Anti-censorship crusaders are of the opinion that censorship stifles artistic expression – and there is certainly something in that. It is also a shame that a great many Arabic cinematic works made in non-Arabic speaking nations cannot be shown in the lands from which their makers hail due to local censorship laws. Nonetheless, there is something to be said for the ingenuity and artistic integrity of media-makers working within these conditions. It must be remembered that working around conditions imposed from on high has produced some of the greatest and most ingenious forms of art known to humanity. British satire, for example, now famed around the world as a comedic genre and honed to a fine art, grew out of a need to make political statements within a climate hostile to such views. Satire – which takes the mores of a system and hyper-emphasises them in a straight-faced yet comedic manner in order to highlight its failings – could not be condemned as explicit criticism, yet made its point clearly and memorably nonetheless. On a less antagonistic level, the prohibition against aniconism in Islamic art has led to the development of some of the most beautiful and intricate artistic patterns, designs, and disciplines known to humanity. To state that censorship stifles art may not, therefore, be entirely accurate – an artist clever and subtle enough will find a way to make their point, often in a beautiful and fully integrated manner.

A Redundant Topic?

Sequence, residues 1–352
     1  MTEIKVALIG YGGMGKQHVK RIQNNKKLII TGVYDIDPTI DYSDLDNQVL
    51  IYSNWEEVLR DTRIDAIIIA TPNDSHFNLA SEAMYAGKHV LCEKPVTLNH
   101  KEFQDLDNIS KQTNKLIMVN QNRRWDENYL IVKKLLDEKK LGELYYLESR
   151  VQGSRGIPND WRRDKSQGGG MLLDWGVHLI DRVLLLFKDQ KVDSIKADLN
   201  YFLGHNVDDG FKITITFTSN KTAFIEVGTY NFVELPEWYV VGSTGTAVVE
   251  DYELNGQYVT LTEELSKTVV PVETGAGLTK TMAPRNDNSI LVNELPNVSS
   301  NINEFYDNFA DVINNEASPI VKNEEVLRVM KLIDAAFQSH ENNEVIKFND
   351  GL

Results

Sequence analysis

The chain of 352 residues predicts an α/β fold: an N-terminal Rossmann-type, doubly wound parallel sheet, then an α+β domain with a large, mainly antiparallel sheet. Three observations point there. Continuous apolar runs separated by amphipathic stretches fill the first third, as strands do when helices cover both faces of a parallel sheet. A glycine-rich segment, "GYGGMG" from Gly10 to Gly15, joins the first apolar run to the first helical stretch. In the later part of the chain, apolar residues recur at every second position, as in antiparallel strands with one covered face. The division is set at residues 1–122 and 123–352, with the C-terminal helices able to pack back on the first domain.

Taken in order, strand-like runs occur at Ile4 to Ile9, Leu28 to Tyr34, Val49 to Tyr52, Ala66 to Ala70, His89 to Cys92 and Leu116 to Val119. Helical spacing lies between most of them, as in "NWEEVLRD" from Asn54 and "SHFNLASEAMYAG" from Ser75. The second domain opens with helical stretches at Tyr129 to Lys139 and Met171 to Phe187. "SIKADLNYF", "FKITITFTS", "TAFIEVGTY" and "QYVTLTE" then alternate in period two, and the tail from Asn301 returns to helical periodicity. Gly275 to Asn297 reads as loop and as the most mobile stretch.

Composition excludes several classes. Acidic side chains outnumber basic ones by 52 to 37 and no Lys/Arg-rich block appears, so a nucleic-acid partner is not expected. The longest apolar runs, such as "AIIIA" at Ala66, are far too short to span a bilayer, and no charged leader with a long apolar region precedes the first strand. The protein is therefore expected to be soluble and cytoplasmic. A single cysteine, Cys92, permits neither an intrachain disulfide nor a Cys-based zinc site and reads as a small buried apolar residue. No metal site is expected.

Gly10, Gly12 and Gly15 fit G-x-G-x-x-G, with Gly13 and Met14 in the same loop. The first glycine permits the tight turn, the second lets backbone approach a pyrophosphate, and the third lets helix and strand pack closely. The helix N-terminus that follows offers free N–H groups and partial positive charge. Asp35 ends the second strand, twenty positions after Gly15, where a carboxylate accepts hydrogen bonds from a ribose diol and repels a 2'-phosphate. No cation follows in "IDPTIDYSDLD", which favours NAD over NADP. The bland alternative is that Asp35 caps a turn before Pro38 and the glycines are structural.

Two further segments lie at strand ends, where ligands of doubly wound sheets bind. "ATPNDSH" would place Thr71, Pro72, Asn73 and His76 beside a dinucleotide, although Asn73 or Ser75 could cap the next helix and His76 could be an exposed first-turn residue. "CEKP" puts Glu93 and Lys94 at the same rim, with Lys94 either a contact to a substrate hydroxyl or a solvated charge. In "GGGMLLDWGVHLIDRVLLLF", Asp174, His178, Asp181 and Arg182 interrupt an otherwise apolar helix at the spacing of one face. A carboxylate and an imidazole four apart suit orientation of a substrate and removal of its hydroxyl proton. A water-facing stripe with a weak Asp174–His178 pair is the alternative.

The censorship debate rages back and forth, and it seems that there will never be a resolution. While the censorship and self-censorship mores within some Arabic-speaking countries are extreme, there are those who argue that this promotes a style of filmmaking with much more moral and artistic validity than that of the West, where ‘shock’ value is often used in place of art, and drawing in money-spending crowds is frequently considered more important than the integrity of the piece itself. On the other hand, the intense restrictions have led many budding filmmakers and stars to leave their homelands and head abroad, where they feel that their voices can be heard more freely and that they will be allowed to express themselves with fewer restrictions – thus doing their vision greater justice and reaching a wider audience. Whatever the pros and cons of the case, one thing is clear: that an Arabic filmmaker with something important to say, a vision worth promoting, and an artistic passion which burns strongly will find a way to make that statement, no matter what. In this age of the internet and cross-cultural communication, it is becoming harder and harder to restrict what people see and hear. Saudi Arabia – whose censorship laws are famed and derided throughout the world – has a population who are among the most avid consumers of social media on the planet. Much of the populace gains its news this way, and extrapolates the true situation by cross referencing that which they find on the internet by that which they see and hear from approved news vendors, and drawing their own conclusions. Whatever the moral and political truth of the matter, therefore, censorship may very soon become a redundant topic – impossible to apply, and even more impossible to enforce.